The illustrated trailer is intended to transport one to three motorcycles; accordingly, it is equipped with three cycle-carrying tracks 38, 39 and 41. These tracks are arranged in parallel and they extend longitudinally between the front and rear margins of the trailer frame. As shown in FIGS. 1, 2 and 5, each track is of channel shape and is formed from a pair of angle irons 42 and 43 which are interconnected by a bridging strip 44 which is welded to the opposing angle legs 42a and 43a. The angles of the outer tracks 38 and 41 are welded to the channels 13, 14 and 19 of the main frame, and the angles of intermediate track 39 are welded to these members and also to the cross channel 17 of the frame extension. The two angles 42 and 43 of each pair are spaced laterally from each other so that the distance between the upstanding angle legs 42b and 43b is just slightly greater than the width of a standard cycle tire. In this way, the track serves to closely confine the cycle tires. The height of the upstanding legs 42b and 43b is so selected that these parts confine a major portion of the tire sidewall, but do not contact the wheel rim. It will be noted that the bridging strips 44 are shorter than the angle irons 42 and 43, thereby leaving exposed a gap 45 between the opposing angle legs 42a and 43a at the forward end of each track. The purpose of this arrangement will become evident as the description proceeds.

At its rear end, each of the tracks 38, 39 and 41 is provided with an auxiliary track section 46, 47 or 48. These auxiliary tracks are constructed in essentially the same way as the main tracks, but they are slightly wider so that each can fit over the associated main track. As shown best in FIG. 7, each of the auxiliary tracks 46, 47 and 48 is connected to the trailer frame by a hinge which comprises a sleeve 49 welded to frame channel 14 or 17, a pair of aligned sleeves 51 welded to one end of the track section at opposite sides of sleeve 49, and a hinge pin 52. The hinge connections afford pivotal motion about horizontal axes, and the auxiliary tracks are free to move between a ground-engaging position (see FIG. 6), in which they serve as ramps for leading motorcycles onto the main tracks, and a clamping position (see FIG. 9), in which they bear against the treads of the rear tires of the cycles being transported. The hinge pins 52 are held in the hinge sleeves by cotter pins 53, so that the auxiliary track associated with an unoccupied main track can be removed easily. A detached auxiliary track is stored on the associated main track, as indicated in FIG. 1; the parts being held together by the hinge pin 52, which is passed through aligned holes 54 and 55 in the upstanding legs of the angles of the auxiliary and main tracks, respectively, and retained by the cotter pin 53.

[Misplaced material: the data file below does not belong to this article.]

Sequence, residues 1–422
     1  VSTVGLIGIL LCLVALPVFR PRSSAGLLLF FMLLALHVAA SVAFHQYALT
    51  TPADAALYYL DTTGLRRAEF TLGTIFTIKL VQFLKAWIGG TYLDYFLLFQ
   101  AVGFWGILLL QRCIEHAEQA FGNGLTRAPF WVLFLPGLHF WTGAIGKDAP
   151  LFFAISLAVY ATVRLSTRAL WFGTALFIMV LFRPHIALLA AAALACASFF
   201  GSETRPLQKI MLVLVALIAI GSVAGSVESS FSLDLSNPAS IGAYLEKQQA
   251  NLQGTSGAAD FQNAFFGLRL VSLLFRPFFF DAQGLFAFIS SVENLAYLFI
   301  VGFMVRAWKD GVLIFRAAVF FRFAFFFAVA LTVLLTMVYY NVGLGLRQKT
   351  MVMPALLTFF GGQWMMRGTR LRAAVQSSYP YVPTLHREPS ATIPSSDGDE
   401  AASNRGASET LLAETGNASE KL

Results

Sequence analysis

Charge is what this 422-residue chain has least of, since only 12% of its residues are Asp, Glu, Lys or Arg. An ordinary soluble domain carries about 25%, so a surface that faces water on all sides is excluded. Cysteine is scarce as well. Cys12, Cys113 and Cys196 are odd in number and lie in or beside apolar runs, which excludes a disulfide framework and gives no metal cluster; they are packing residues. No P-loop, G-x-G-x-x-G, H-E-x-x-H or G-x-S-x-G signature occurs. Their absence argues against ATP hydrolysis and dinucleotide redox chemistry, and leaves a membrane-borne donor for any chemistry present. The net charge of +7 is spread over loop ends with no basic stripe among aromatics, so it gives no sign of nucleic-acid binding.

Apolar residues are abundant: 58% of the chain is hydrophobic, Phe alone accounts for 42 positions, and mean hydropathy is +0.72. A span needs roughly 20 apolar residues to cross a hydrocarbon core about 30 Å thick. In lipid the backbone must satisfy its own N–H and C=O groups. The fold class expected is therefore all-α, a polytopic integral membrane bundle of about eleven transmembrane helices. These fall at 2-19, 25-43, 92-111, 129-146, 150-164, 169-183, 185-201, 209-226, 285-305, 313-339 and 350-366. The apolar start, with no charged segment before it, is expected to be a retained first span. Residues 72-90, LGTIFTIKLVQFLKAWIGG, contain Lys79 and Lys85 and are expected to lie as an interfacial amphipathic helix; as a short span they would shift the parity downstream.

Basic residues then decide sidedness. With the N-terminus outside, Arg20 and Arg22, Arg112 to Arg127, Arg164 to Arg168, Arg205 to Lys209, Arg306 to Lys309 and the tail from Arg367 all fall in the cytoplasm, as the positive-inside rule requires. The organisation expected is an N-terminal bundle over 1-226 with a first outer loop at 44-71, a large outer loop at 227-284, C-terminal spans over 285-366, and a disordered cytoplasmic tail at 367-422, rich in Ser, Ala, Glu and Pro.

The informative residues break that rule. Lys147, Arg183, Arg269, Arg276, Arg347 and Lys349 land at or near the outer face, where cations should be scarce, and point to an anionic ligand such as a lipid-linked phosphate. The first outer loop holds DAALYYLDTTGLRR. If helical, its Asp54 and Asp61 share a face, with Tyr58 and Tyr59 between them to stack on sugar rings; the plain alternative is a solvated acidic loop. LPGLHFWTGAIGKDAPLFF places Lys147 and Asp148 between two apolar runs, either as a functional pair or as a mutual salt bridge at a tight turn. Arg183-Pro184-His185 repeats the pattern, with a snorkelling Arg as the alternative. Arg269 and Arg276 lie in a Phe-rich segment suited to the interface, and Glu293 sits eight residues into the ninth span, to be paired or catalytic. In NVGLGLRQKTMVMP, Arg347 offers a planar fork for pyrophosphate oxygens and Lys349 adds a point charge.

Each of the main tracks 38, 39 and 41 also is equipped with a wheel well 56 which fits in the track at its forward end. As shown in FIGS. 1, 2 and 8, each of the wells 56 comprises a base plate 57, to which are welded a pair of side panels 58 and a front panel 59. The well is adjustable in the longitudinal direction of the track in order to accommodate different cycle lengths, and is fixed in place by a pair of bolts 61 which extend through the gap 45 bounded by the angle legs 42a and 43 a. The front panel 59 is curved on about the same radius as the standard cycle tire, so that it has substantial surface contact with the tire tread in both the lower and the upper forward quadrants X and Y of the cycle wheel. The sidewalls of the front tire also are confined by the side panels 58 in both of those quadrants. As a result, the well 56 precludes turning, forward and up and down motion of the front cycle wheel.

It should be noted here that, since center track 39 has a greater rearward extent than the tracks 38 and 41, the forward edge of its bridging strip 44 is set back from the bridging strips of the outer tracks. This enables the well 56 associated with track 39 to assume a position to the rear of the other wells, and thus establish longitudinal offset between cycles stored on adjacent tracks. This is advantageous because it effects a reduction in the overall width of the trailer.

Attention also is invited here to the short channel iron 41a which is welded to front frame channel 13 in alignment with main track 41. This member 41a is arranged to support the forward end of the wheel well 56 associated with track 41, and thereby allows this wheel well to assume a more forward position than the other wells. As a result, track 41 can handle those unusually long motorcycles which are equipped with extended front yokes.